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  • Author or Editor: Gregory A. Bannikov x
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Objective—To characterize and purify covalent complexes of matrix metalloproteinase-9 (MMP-9) and haptoglobin released by bovine granulocytes in vitro.

Sample Population—Blood samples obtained from healthy cows and cows with acute and chronic inflammation to obtain WBCs and sera.

Procedures—WBCs were isolated by differential centrifugation, hypotonic lysis of RBCs, and degranulated by stimulation with phorbol ester (20 ng/mL). Cell-conditioned medium was subjected to affinity and gel chromatography and purified proteins subjected to SDS- PAGE gelatin zymography, western blot analysis, Coomassie blue staining, and peptide mass spectrometry for protein identification. Sera of cows hospitalized for acute and chronic septic conditions and of clinically normal cows were analyzed with similar methods.

Results—Matrix metalloproteinase-9 was released from neutrophils in vitro and migrated to a molecular mass of approximately 220 kd (prodimer), approximately 105 kd (promonomer), and > 220 kd (high–molecular mass complexes). These high–molecular mass complexes were composed of α- and β-haptoglobin and MMP-9 (ratio13:13:1). Complexes of MMP-9 and haptoglobin had biochemical properties of both its protein constituents (ie, enzymatic activity toward gelatin and hemoglobin binding). Complexes of MMP-9 and haptoglobin were also detected in sera of cows with acute inflammation, but not in clinically normal cows or cows with chronic disease.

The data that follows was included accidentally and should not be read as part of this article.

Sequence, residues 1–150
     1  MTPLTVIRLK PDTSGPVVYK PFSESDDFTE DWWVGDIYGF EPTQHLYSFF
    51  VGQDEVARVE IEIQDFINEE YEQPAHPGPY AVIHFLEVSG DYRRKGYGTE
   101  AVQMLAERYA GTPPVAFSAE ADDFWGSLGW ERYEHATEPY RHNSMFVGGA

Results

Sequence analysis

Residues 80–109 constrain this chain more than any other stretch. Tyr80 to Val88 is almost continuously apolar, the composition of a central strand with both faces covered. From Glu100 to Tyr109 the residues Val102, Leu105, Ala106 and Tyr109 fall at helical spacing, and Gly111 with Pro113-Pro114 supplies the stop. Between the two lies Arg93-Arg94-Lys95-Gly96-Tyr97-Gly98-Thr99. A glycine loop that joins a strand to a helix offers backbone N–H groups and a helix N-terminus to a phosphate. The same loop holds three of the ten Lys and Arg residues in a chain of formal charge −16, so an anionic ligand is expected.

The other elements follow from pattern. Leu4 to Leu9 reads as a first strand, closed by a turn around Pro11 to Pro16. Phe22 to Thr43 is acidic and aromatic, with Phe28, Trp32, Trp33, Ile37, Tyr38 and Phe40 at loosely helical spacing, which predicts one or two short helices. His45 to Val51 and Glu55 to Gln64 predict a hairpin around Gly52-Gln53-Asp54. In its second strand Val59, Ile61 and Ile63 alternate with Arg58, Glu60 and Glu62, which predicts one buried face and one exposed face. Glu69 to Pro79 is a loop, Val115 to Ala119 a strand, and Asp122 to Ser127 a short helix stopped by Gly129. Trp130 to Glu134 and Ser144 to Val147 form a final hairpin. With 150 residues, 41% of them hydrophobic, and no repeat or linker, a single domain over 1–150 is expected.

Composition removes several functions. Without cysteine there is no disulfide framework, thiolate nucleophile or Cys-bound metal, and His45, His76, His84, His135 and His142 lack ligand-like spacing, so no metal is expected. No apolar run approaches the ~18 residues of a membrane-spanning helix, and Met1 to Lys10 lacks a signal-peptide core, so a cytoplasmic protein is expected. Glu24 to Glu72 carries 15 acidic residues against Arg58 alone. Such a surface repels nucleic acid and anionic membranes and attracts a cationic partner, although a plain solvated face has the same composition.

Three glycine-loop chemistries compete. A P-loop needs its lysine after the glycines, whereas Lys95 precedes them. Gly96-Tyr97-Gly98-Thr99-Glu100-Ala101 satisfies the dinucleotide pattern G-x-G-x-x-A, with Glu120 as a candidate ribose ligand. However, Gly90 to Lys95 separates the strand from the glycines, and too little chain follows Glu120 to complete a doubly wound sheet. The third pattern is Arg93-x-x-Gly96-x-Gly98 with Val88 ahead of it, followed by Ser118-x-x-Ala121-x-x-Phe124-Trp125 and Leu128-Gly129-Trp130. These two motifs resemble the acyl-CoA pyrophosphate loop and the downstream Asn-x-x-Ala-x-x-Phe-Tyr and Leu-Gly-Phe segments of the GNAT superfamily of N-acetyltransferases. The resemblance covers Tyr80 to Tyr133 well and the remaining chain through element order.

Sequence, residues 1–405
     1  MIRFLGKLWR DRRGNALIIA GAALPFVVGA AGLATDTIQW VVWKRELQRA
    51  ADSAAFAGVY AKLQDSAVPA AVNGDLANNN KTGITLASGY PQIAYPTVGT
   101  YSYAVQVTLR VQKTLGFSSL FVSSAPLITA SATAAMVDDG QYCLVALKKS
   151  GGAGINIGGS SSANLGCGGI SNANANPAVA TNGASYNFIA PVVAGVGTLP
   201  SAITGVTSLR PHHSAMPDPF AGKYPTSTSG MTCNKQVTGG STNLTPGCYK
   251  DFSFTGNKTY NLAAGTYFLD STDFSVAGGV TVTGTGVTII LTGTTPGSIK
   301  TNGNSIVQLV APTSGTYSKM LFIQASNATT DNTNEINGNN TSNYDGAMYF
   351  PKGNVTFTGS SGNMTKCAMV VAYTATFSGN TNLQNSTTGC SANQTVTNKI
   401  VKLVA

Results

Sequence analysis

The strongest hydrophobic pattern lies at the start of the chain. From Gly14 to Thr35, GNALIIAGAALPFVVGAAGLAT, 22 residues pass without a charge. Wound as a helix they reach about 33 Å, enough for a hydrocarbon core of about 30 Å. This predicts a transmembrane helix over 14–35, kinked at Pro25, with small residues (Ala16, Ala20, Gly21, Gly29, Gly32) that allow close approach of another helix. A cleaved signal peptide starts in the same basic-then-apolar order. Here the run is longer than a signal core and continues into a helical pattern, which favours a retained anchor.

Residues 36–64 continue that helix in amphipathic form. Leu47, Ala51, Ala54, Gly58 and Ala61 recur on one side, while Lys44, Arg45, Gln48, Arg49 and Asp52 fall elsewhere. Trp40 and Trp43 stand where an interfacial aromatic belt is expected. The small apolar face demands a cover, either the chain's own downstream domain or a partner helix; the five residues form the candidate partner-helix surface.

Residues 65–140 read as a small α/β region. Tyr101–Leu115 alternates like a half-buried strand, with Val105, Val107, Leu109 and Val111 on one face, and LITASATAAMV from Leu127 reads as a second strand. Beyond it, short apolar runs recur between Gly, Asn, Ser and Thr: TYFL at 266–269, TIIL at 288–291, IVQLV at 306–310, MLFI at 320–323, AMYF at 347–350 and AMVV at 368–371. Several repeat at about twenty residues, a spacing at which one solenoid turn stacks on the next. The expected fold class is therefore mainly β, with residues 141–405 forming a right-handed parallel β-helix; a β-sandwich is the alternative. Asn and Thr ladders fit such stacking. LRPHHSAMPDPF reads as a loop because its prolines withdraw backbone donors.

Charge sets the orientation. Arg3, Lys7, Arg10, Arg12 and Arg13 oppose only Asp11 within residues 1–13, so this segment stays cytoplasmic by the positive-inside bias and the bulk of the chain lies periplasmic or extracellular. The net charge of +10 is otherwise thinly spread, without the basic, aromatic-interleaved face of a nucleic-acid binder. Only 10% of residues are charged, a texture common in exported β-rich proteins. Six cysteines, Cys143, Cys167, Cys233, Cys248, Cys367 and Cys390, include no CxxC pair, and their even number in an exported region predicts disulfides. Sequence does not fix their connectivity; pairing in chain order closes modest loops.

Conclusions and Clinical Relevance—A fraction of neutrophil MMP-9 is released in complex with haptoglobin. The complex is present in granules and retains biological activity of its components. Detection of the complex in serum may provide an indicator of acute inflammation.

Full access
in American Journal of Veterinary Research


Objective—To measure the effects of lowmolecular-weight inhibitors on the activity of bovine neutrophil matrix metalloproteinase 9 (MMP-9).

Sample Population—Bovine MMP-9 purified from bovine neutrophilconditioned medium.

Procedures—Neutrophils were degranulated by stimulation with phorbol ester. Enzyme purification was performed by use of gelatin affinity and gel-filtration chromatography. Activated enzyme was incubated with inhibitors prior to addition of substrate (gelatin fluorescein conjugate or fluorogenic peptide). Rates of enzymatic cleavage were determined by monitoring fluorescence as the reactions progressed. Values of IC50 (molar concentration of compound that inhibits specific activity by 50%) and KI (in vitro inhibition constant) were determined.

Results—Rates of enzymatic activity of monomeric and dimeric bovine MMP-9 measured by use of gelatin and peptide substrates were linear with respect to time and concentrations of enzyme and substrate. The MMP-9 was potently inhibited by hydroxamic acids (IC50 for gelatin, 29.2 to 55.7nM; IC50 for peptide, 4.8 to 24.6nM; KI, 0.2 to 0.5nM), whereas tetracyclines (IC50 for gelatin, 30.1 to 112.7MM; IC50 for peptide, 48.0 to 123.8MM; KI, 25.2 to 61.4µM) and chlorhexidine (IC50 for gelatin, 139.1MM; IC50 for peptide, 672.5MM to 1.7mM; KI, 495.0 to 663.0MM) had limited inhibition. Gelatinase-specific inhibitor SB-3CT had intermediate potency (IC50 for peptide, 185.0 to 290.0nM; KI, 66.5 to 86.0nM).

Conclusions and Clinical Relevance—Bovine MMP-9 was potently inhibited by hydroxamic acids and gelatinase inhibitor. These compounds may be useful as modulators of neutrophil-mediated protease activity in cattle.

Full access
in American Journal of Veterinary Research